In Qatar, a sample of 1515 Qatari females showed a high rate of consanguinity (54%), with an inbreeding coefficient of 0.02706.9 The value is equally high in the United Arab Emirates for a sample of 2033 married women. Half of the sample were involved in relative marriages, with a coefficient of inbreeding of 0, 0222.10 All these studies prove that first cousin marriages are higher than other types of consanguineous marriages.9‒11 Due to the geography of Saudi Arabia, the rate of consanguinity differ from one city to another; the highest rate is 80.6% in Samatah, and the lowest is 34% in Abha in the south west of Saudi Arabia.2 In Riyadh (the capital city of Saudi Arabia), the rate is 50%.11 It is important to address this issue in Saudi population, especially in Al-Kharjcity (80 km from the capital city). Consanguineous marriages have a wide range of effects on health. It has been reported that genetic factors due to consanguinity play a significant role in the appearance of inherited diseases.12 Recently, a link between consanguinity and susceptibility to infectious diseases in humans was reported. Also, it was found that the ratio of TB and hepatitis are high among individuals where consanguineous marriages are common.12 Further, it has been reported that consanguinity is related to a number of diseases, such as heart disease, multiple sclerosis, depression, asthma, and PID.12‒14 Mortality and morbidity rates are generally increased due to consanguineous unions.5

Materials and methods

Population characteristics

The study population comprises patients and families with a history of genetic disease, which was clinically identified or referred to genetic services by the following departments: Women Health, Pediatric, and Internal medicine. Patients’ medical information were obtained, including information regarding some significant factors that might increase the frequencies of genetic disease caused by consanguineous marriages, the effect of the level of relationship and severity of disease, and any other factor that might enhance genetic case management and counseling (Table 1). The medical files and/or departmental database of patients were accessed to extract this medical information required for the genetic epidemiology statistical analyses (Table 1). Ethical approval for all studies was awarded by the King Fahad Medical City Research Ethics Committee.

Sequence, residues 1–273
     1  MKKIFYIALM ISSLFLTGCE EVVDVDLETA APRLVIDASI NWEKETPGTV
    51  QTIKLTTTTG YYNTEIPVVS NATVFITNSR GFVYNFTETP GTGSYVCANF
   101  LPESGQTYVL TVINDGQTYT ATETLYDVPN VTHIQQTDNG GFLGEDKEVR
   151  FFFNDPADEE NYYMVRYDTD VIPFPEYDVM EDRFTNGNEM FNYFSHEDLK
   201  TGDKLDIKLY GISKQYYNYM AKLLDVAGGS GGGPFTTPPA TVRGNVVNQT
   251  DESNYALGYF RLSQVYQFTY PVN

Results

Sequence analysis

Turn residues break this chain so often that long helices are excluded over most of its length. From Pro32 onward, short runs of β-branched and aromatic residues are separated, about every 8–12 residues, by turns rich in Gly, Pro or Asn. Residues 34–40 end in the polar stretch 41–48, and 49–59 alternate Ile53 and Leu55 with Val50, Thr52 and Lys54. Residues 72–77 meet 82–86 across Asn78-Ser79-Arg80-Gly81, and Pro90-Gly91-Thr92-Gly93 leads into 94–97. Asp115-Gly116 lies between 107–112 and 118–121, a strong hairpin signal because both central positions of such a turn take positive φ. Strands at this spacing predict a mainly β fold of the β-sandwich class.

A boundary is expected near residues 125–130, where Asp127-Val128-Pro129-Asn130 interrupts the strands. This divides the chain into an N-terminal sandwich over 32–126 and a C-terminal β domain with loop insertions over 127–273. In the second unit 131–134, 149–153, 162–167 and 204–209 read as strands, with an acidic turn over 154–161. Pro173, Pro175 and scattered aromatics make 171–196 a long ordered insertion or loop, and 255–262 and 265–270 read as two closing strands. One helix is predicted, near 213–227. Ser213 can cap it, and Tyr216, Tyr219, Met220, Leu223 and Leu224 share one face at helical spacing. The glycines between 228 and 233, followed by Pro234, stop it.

Factor

Women Health

Pediatric

Internal Medicine

Cases with genetic disorders

Number of cases

Number of cases

Number of cases

Consanguineous marriages

Percentage of consanguinity among the total number of families(drop-in cases or referral cases)

Percentage of consanguinity among the total number of families(drop-in cases or referral cases)

Percentage of consanguinity among the total number of families(drop-in cases or referral cases)

Level of relationship,

First degree

Percentage of first degree marriages

Percentage of first degree marriages

Percentage of first degree marriages

Second degree

Percentage of second degree marriages

Percentage of second degree marriages

Percentage of second degree marriages

Third degree

Percentage of third degree marriages

Percentage of third degree marriages

Percentage of third degree marriages

Double first cousins

Percentage of double first cousins degree marriages

Percentage of double first cousins degree marriages

Percentage of double first cousins degree marriages

Maternal age
(≥35y)

Percentage of mothers with age over 35 years among
all mothers in each families

Percentage of mothers with age over 35years among all mothers in each families

Percentage of mothers with age over 35years among all mothers in each families

Affected siblings

Number of affected siblings in each families

Number of affected siblings in each families

Number of affected siblings in each families

Premarital screening

Percentage of families who have been through premarital
screening among the total number of families(drop-in cases or referral cases)

Percentage of families who have been through premarital screening among the total number of families(drop-in cases or referral cases)

Percentage of families who have been through premarital screening among the total number of families(drop-in cases or referral cases)

Miscarriages/abortions

Percentage of overall cases

Percentage of overall cases

Percentage of overall cases

Disease severity,

Mild(1)

Percentage of cases

Percentage of cases

Percentage of cases

Moderate(2)

Percentage of cases

Percentage of cases

Percentage of cases

Severe(3)

Percentage of cases

Percentage of cases

Percentage of cases

Leather(4)

Percentage of cases

Percentage of cases

Percentage of cases

Parents educational level Primarily

Number of individuals

Number of individuals

Number of individuals

Intermediate